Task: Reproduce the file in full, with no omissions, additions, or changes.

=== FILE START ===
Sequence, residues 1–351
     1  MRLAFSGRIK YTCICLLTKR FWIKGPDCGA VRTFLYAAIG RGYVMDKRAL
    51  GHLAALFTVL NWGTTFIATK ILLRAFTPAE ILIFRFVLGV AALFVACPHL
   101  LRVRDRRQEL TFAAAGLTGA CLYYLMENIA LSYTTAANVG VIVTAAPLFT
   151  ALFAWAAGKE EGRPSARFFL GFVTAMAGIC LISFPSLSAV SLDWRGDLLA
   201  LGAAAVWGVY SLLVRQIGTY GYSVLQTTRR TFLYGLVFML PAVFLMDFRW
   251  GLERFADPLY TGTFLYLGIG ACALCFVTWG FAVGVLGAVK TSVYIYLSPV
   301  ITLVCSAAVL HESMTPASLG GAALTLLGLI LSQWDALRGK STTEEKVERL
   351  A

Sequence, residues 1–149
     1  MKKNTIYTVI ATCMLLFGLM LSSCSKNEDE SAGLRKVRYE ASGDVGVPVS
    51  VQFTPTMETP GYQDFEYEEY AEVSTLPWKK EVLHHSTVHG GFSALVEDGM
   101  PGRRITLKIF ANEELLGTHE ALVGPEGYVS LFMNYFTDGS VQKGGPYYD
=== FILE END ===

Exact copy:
Sequence, residues 1–351
     1  MRLAFSGRIK YTCICLLTKR FWIKGPDCGA VRTFLYAAIG RGYVMDKRAL
    51  GHLAALFTVL NWGTTFIATK ILLRAFTPAE ILIFRFVLGV AALFVACPHL
   101  LRVRDRRQEL TFAAAGLTGA CLYYLMENIA LSYTTAANVG VIVTAAPLFT
   151  ALFAWAAGKE EGRPSARFFL GFVTAMAGIC LISFPSLSAV SLDWRGDLLA
   201  LGAAAVWGVY SLLVRQIGTY GYSVLQTTRR TFLYGLVFML PAVFLMDFRW
   251  GLERFADPLY TGTFLYLGIG ACALCFVTWG FAVGVLGAVK TSVYIYLSPV
   301  ITLVCSAAVL HESMTPASLG GAALTLLGLI LSQWDALRGK STTEEKVERL
   351  A

Sequence, residues 1–149
     1  MKKNTIYTVI ATCMLLFGLM LSSCSKNEDE SAGLRKVRYE ASGDVGVPVS
    51  VQFTPTMETP GYQDFEYEEY AEVSTLPWKK EVLHHSTVHG GFSALVEDGM
   101  PGRRITLKIF ANEELLGTHE ALVGPEGYVS LFMNYFTDGS VQKGGPYYD